Let’s get real for a second: Using a racy little sport bike as a daily do-all commuter is a ridiculous idea. Sure there are countless hardcore riders out there rippin’ through holes in traffic in heavily congested urban centres, riding their R6s, Ninjas and Gixxers, but the reality is, they’re not ideally suited for the urban jungle. They’re high-winding, low-torque machines that aren’t as maneuverable in low-speed traffic situations as a naked bike or motard machine, and quite honestly, they’re pretty uncomfortable, putting a lot of pressure on the wrists and cramping up the legs in the interest of ground clearance.
So when I had to pick up my weekly tester – a 2015 Honda CBR600RR – during a heat wave and ride home in Toronto’s west-end traffic, I was somewhat relieved that it was Honda’s 600 repli-racer I’d be straddling. See, the CBR is a venerable player in the 600-class of sport bikes; one with a long-standing reputation of being the least masochistic option in an oftentimes hardcore group.
The CBR’s geometry is less extreme than, say a Yamaha R6 or Suzuki GSX-R600, suggesting that it might also be slightly less punishing to ride in stop-and-go traffic for an hour or so. The reality is, “more comfortable” is a relative term, and while more tolerable than some of its peers, the CBR nevertheless forces the rider to straddle, contort and fold when compared to, oh, say Honda’s CB300F naked bike. Of course, if you’re keen on one of the 600-class bikes, the 500 – or any other less raw bike — probably isn’t even on your radar.
And there’s likely good reason for that desire that hopefully goes beyond using it as a machine simply for posing and posturing in front of the local coffee shop. Choosing the CBR600RR simply as an eye-candy trophy would be tempting – especially in its attractive HRC red, white and blue livery (even more desirable this year since it’s not available State-side anymore), but would fail to take advantage of the exceptional engineering found between the beefy front fork and the swing arm.
The heart of the CBR600RR is its 599cc DOHC inline-4 cylinder engine that wails maniacally all the way up to its 15,000 rpm redline. Power peaks at just over 12,000 rpms delivering a reported 99 horsepower; with 44 lb-fts of torque arriving just over 10,000 rpms. This all means that like other bikes in its class, it needs revs – lots of them – to really hustle; but hustle it will when your crank that right grip hard, though it never feels like it wants to be a wild hooligan wheelie machine.
Around town, the CBR needs those revs up to feel lively, which means keeping it in a gear or two lower than one might normally do on a less sporting machine. It can become tedious to ride with big revs all the time, making some of the wild and wooly nakeds like the FZ-09 or GSX-S750 easier and more fun around town. Unless, of course, the rider prefers the stunning fully-faired design of the CBR600RR.
That said, with the tach swinging into the big numbers, the misery of crosstown traffic is forgotten, and the steering – stiff around town thanks to the HESD steering damper – livens up completely when you hit the open country roads (or better yet, the track). We’ve actually sampled this bike on the track, and found that it’s more than competent – emotionally captivating, even. Here is where the $13,599 (like our ABS-equipped model) truly earns its keep.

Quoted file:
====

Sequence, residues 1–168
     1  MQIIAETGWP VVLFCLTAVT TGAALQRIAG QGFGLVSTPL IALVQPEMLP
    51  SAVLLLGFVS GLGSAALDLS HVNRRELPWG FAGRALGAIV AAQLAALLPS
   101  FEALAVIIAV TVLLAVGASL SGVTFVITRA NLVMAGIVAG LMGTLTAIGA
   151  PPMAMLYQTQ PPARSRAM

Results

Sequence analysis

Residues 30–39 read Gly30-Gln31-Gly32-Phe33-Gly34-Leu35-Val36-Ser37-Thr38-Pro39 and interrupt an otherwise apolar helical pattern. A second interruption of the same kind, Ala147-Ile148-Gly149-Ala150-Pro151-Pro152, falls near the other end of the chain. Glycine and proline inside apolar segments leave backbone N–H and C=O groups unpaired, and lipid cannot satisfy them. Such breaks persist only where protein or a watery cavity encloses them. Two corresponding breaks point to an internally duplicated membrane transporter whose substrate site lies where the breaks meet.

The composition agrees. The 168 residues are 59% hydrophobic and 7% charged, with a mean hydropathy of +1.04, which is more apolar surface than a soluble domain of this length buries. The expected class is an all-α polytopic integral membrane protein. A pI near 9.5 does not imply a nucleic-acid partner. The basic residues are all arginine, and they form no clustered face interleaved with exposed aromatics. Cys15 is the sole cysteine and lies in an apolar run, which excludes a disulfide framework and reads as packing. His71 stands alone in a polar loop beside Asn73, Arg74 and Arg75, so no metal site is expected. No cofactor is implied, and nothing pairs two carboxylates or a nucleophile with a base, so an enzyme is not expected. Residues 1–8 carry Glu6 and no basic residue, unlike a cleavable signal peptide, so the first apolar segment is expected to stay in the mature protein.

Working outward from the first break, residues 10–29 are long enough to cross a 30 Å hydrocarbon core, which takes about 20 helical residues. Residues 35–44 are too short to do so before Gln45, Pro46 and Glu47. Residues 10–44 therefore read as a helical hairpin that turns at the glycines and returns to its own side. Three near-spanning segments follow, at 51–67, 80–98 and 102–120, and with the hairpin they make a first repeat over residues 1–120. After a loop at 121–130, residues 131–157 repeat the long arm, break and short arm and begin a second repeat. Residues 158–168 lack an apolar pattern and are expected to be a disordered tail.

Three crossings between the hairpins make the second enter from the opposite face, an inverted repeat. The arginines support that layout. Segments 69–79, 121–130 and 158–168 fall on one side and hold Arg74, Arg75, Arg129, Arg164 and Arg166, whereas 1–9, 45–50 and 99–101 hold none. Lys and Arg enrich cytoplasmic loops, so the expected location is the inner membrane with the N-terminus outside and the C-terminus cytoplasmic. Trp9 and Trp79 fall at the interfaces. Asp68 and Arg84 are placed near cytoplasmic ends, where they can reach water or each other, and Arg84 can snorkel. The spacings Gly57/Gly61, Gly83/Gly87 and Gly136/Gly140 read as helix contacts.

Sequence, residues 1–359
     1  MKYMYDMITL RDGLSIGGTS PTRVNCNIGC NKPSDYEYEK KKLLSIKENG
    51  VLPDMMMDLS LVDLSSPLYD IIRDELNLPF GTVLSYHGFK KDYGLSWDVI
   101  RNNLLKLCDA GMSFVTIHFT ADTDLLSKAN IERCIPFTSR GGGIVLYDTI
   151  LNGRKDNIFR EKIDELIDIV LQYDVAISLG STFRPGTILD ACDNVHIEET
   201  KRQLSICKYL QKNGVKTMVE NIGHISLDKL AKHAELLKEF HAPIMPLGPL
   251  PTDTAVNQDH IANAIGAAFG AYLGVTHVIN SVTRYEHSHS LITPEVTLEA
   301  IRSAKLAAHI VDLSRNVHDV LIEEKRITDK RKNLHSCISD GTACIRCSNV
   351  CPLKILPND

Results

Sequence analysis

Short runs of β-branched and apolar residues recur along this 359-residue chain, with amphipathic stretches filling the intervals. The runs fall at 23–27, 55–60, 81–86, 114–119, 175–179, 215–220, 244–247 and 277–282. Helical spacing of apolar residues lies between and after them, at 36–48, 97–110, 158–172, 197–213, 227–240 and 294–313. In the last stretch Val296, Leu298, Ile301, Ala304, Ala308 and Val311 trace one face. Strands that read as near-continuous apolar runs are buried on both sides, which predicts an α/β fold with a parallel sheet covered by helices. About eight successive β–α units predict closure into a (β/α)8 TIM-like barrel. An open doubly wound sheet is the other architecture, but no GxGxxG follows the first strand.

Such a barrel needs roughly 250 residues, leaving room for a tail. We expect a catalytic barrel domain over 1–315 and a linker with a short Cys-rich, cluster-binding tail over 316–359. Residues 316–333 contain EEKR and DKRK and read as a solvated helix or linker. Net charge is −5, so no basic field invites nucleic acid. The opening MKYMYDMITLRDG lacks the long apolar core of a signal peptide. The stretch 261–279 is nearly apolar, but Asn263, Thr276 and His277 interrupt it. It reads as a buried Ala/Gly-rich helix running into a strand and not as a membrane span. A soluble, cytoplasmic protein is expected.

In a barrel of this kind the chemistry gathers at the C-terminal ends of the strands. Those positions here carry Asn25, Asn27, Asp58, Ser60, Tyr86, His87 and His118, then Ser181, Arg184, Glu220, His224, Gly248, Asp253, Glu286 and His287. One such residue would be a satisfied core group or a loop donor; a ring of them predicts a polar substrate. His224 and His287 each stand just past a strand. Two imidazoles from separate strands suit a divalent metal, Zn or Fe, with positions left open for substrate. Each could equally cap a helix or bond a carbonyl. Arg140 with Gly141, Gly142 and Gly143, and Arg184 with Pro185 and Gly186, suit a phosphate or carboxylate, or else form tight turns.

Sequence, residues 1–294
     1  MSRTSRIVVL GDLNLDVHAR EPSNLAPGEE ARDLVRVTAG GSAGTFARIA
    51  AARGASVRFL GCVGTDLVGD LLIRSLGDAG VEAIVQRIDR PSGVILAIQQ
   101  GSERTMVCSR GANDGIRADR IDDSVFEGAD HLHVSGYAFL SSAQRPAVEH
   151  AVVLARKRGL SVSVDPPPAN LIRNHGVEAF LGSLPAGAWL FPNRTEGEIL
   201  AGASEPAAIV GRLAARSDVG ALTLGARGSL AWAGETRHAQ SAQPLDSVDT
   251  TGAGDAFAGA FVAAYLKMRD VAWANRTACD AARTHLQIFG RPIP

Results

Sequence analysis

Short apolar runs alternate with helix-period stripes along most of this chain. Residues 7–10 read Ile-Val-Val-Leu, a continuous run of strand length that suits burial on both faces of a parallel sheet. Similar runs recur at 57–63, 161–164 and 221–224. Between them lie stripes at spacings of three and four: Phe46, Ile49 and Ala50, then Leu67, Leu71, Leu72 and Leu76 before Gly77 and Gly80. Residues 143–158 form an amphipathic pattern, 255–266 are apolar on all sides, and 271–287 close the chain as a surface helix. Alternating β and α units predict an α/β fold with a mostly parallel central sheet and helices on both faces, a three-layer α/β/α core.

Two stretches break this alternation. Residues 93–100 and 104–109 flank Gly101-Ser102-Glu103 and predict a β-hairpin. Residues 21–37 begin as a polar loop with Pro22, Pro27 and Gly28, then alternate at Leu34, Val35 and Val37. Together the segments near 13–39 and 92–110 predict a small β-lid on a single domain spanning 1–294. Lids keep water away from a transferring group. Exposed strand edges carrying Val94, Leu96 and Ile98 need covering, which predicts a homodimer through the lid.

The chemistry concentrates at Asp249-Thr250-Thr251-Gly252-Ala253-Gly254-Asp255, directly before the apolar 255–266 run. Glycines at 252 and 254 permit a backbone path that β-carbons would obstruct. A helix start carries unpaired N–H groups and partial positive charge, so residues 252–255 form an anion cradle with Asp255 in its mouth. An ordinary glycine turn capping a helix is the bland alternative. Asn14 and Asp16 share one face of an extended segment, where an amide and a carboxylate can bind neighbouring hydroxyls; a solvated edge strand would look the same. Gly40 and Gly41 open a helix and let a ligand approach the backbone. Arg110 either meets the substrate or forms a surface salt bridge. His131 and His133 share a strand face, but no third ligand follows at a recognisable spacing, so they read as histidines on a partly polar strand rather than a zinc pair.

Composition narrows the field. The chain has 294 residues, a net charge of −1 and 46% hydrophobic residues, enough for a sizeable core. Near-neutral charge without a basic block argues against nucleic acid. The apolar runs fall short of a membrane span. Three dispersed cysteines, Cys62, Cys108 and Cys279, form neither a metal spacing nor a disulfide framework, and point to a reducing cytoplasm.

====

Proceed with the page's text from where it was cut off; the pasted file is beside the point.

With the engine spooled, the CBR virtually leaps from corner to corner, eagerly bending into the curves almost telepathically. The neutrality of its handling when pressed makes it a surprisingly easy dance partner. Up front is a Showa 41 mm Big Piston fork, with Honda’s Unit Pro-Link HMAS single shock rear end keeping things damped and suspended. Even the ride quality is pretty decent for a sport bike on stock settings, but can be buttoned up with preload and rebound adjustability front and rear.
The brakes, with twin radial mounted calipers clamping down on 310 mm discs up front and optional ABS, are strong, progressive and confidence inspiring. In the rear is a 220 mm disc. The composed handling and braking help to make mediocre riders like me, look and feel like much more accomplished ones.
One of the most appealing aspects of the 600-class sport bikes is just how compact and lightweight they are. Even full of fluids and ready to ride, the CBR600RR weighs in at only 197 kg (434 lbs) with the ABS model, giving it a lightness that’s felt whether linking corners, or manhandling it into or out of a parking space.
As ill equipped as the CBR600RR is for around town commuting duties, it’s equally questionable as a touring bike – not that it’s supposed to excel at either of these tasks of course, it’s just that you shouldn’t think the bike is a good choice for either despite its refinement. The under-tail exhaust means sub-pillion “cargo capacity” is negligible, which just as well since it heats up a fair bit anyway. Still, the fairings and windscreen provide decent protection from the elements and help give the bike a feeling of stability at highway speeds despite the relatively short wheelbase and low mass.
There are plenty of reviews of the CBR600RR that describe Honda’s middleweight supersport as the comfortable and composed, everyday sports machine but it’s still a pretty raw sport bike that’s far from being at its best in much of the every day grind. What it is though is very possibly the best in class for overall refinement and the ability to make its rider feel like a riding god when the rural routes turn serpentine. Throw in Honda’s legendary reputation for reliability and durability, and the 2015 Honda CBR600RR makes for a great choice in a middleweight sports bike.